Combating COVID-19 at the grassroots level
Early last spring when Anthony Veliz reached out to Latino leaders statewide, he had no idea how important his gesture would become.
"I would have never guessed in March how this would go, but it really struck a chord with the Latino leadership across the state," Veliz said, referring to the nascent Oregon Latinx Leadership Network. "In some way, a little beam of light traveled throughout the state and galvanized the community."
Last week, OLLN announced the launch of a health and safety campaign — "Por Mi Familia" — directed at encouraging the state's Latino and indigenous populations toward safe practices during the pandemic. A key piece of that campaign involved purchasing five million pieces of personal protection equipment to distribute to the most vulnerable populations in the state, populations that have been disproportionately affected by COVID-19.
"It's mostly facemasks and we are targeting groups, like farm workers — some undocumented — and we put a high priority on them, but some will go to others as well. ... We will make sure (PPE) gets to the people who need it the most," Veliz said.
A lifelong Woodburn resident, Veliz began reaching out to Latino leaders across the state when the pandemic emerged last March. He had a strong feeling that the population would need to fortify its safety efforts, in part due to communication challenges, in part due to many working in essential occupations,, and to some extent due to employers not furnishing PPE or worse, claiming that it was not necessary.
Communication obstacles go beyond English or Spanish languages as many indigenous workers may speak a dialect from a specific region in Latin America that is foreign to Oregon's Spanish-speaking residents, or they may speak a dialect but not read it.
Beyond the obvious immediate safety benefit provided by PPE, there is also an educational one.
"There is a false narrative out there that there is a lot of personal protective equipment available; there is for those who can afford them," Veliz said.
OLLN leaders have shared stories about work supervisors claiming the pandemic is a hoax and that workers don't need masks, and some employers don't provide masks for employees.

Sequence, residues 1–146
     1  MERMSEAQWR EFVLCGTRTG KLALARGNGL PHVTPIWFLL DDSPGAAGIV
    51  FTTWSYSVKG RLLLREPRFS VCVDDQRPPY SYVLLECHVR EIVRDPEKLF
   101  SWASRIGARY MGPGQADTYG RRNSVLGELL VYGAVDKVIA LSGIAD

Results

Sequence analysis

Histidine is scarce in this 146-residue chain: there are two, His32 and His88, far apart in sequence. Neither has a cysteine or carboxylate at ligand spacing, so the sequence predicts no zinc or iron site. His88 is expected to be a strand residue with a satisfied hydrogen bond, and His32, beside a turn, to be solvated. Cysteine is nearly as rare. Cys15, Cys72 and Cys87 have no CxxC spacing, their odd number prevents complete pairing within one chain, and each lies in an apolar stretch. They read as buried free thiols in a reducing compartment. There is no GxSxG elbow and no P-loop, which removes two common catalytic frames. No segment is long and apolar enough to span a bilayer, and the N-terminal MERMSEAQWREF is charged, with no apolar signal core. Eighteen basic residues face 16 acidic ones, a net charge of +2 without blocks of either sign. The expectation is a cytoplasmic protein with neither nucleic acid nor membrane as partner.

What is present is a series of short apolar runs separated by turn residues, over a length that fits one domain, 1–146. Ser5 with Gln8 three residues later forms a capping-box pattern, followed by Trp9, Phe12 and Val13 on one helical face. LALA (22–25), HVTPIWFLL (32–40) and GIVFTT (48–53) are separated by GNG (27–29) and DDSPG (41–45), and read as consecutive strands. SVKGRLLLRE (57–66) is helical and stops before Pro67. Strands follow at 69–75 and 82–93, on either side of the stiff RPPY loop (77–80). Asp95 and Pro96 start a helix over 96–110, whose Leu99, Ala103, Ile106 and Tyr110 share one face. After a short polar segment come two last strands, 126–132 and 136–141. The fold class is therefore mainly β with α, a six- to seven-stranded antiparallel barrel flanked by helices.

"Those are some of the stories that we've heard and it doesn't surprise us," Veliz said.
So by making PPE available, that availability in turn promotes the education of its importance.
"Many of Oregon's Latinos and indigenous (people) are essential workers who are lacking new or proper PPE, which puts them at a higher risk for contracting COVID-19," Veliz stressed.
Partners in distribution
OLLN applied for and received a $5 million equity grant to purchase the PPE, and then partnered with the Oregon Child Development Coalition and the Oregon Human Development Corporation to distribute it to many rural parts of Oregon.
OCDC operates in 12 Oregon counties, offering support services to migrant and seasonal farmworkers and young children. Many of their clients are at or below the federal poverty level.
"OCDC is pleased to partner with OLLN to get PPE to our families," said OCDC Executive Director Donalda Dodson. "Families are often responsible for purchasing these items, and being able to provide them at no cost is helping to ensure people have masks and other items to keep them safe."
OHDC provides services for farm workers and disadvantaged individuals statewide, and will help OLLN distribute PPE to small businesses and more than 50 community-based organizations that serve Latino communities.
"OHDC is honored to partner with the Oregon Latinx Leadership Network to serve Oregon's farm-working community," said Silvia Muñoz Lozano with OHDC's National Farmworkers Program. "During this time of COVID, our farm workers remain vulnerable to the spread of the virus. OHDC will ensure PPE is visible and accessible for one of Oregon's most vulnerable essential workers."
The OLLN catalyst
When the newly formed human interest group first began to formulate, Veliz said he reached out to more than 80 community leaders across the state, among them Oregon Gov. Kate Brown, U.S. Sen. Ron Wyden and many state representatives, including Teresa Alonso Leon, whose district serves Woodburn, Gervais, Brooks and parts of north Salem.
The timing could not have been more crucial.
Veliz says the costs of masks, gloves, and other forms of PPE created added stress on many families, small business owners, and community-based organizations that serve the Latino community.
"It is critical that we break down any barriers to help people get proper PPE. In Oregon, 35% of the people who contracted COVID-19 have been Latino," Veliz said. "Affordability cannot be a reason for people not being able to protect themselves and their loved ones at home. This is what we should be doing during this unprecedented time — working together to solve problems and taking care of our communities."
The Oregon Latinx Leadership Network exists to build and strengthen community and resilience among the Latinx community, to organize and advocate around a strategic budget and policy agenda, and to partner with leaders and public officials to advance change to enhance the well-being of all Oregonians.
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